Overall, It was so much fun that I didn’t want it to be over. But we decided not to go back to the showgrounds on Sunday because there were no big classes then. Instead, we decided to go on a little road trip and embrace our other nerdy side.

Stay tuned for Part Four!

Wellington, Part Two

637One regret from this trip: we forgot sunscreen. We regretted this after only an hour at the showgrounds.

There weren’t really any big classes on Friday. We really just spent the day wandering around and watching some of the lower level and hunter classes. We also looked at some of the overpriced vendors and ate some even more overpriced food. (The girl at the Tito’s Tacos clearly thought I was weird for wanting onions on my nachos.)

We spent much of the day just taking pictures of the pretty ponies we saw. There were some classes in the International Arena, but the big Grand Prix was Saturday. We did get to see some of the big names of the sport in those classes, which I loved.648

And we heard that there was going to be an eventing showcase (a miniature three-day eventing show) at one of the nearby plots of land that was owned by the same people who owned the main area. So we went for an adventurous drive (stupid GPS took us to the wrong spot first) to find that. We missed the dressage portion, though, and gave up for the day.

Driving around there was a little overwhelming. Our rental car was a very new red thing (I’m not a car person, it may have been a Honda?) and it was still the crappiest thing on the road. And we jokingly called chain stores “commoner stores” when we happened to find one. Everything else was so nice and way out of our price range. It would have been comforting to find a Wegman’s but we were definitely too far south.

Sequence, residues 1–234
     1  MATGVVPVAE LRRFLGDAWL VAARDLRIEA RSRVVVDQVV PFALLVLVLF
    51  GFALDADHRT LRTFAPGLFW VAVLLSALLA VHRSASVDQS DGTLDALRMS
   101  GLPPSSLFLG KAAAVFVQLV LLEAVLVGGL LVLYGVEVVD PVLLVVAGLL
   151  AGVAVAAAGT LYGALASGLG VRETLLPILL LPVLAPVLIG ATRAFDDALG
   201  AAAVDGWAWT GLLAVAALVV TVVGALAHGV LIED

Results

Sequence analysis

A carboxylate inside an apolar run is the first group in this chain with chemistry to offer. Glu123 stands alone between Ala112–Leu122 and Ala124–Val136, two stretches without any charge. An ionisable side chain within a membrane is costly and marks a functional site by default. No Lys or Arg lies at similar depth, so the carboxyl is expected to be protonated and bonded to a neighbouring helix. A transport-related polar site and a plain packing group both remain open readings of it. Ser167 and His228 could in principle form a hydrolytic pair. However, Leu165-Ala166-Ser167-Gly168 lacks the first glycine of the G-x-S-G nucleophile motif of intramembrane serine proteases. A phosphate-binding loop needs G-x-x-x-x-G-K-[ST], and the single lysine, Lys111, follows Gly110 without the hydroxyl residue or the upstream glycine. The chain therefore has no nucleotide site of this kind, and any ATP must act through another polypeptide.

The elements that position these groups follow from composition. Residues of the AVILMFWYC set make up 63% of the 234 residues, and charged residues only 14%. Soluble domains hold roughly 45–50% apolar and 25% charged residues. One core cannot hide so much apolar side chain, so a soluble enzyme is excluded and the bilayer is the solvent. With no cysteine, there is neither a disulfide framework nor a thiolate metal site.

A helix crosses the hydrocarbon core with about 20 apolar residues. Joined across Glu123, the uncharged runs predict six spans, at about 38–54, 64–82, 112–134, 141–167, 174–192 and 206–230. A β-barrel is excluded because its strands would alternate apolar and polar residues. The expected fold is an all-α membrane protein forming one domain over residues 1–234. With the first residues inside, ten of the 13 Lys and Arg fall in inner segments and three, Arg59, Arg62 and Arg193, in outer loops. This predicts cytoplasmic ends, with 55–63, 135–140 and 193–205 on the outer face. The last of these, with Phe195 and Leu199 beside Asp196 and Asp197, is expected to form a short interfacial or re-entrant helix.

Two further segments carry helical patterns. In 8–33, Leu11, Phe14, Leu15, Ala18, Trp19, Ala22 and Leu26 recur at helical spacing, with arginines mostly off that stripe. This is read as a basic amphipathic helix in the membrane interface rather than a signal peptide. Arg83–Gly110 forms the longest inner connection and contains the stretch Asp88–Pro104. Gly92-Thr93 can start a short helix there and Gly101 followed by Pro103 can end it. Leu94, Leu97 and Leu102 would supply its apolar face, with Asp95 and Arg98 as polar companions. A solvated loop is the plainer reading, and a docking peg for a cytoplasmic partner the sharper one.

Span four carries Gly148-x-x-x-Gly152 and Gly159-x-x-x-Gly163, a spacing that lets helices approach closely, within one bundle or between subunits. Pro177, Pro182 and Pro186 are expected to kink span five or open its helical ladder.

So Friday wasn’t all that exciting, but it was still super fun to go watch the ponies jump. Saturday was the super fun day.

Ugh, I’m Sorry!

635I’ve been so busy getting the third book in the series ready for submission (and it’s still not) that I completely forgot to schedule a post for this past Saturday! Count me as a failure already.

(Though I admit it, I was also watching the Rolex Kentucky Three-Day Event all weekend, too. Lots of super impressive off-track thoroughbreds competed, so it was definitely relevant to my writing.)

I think I’ll start telling you about my research trip as an apology. I can break that into a few posts and cover my butt for this week!

So, in January I went to Wellington, Florida to watch one weekend of the Winter Equestrian Festival. It’s a 12-week-long show that takes place there every year. I went because this is where about 98% of the third book takes place. I wanted a feel for the atmosphere and the layout of the place. It was, by far, one of the best experiences I’ve had.636

Leaving cold New York was wonderful. I was really worried about getting there at first, since it was the end of January and my layover was in Newark, New Jersey. But getting there was good. (Getting home was not, but that’s a story for another post.) I’ve never flown into Newark before, so I was impressed to see New York City and the Statue of Liberty from the air. That was pretty cool.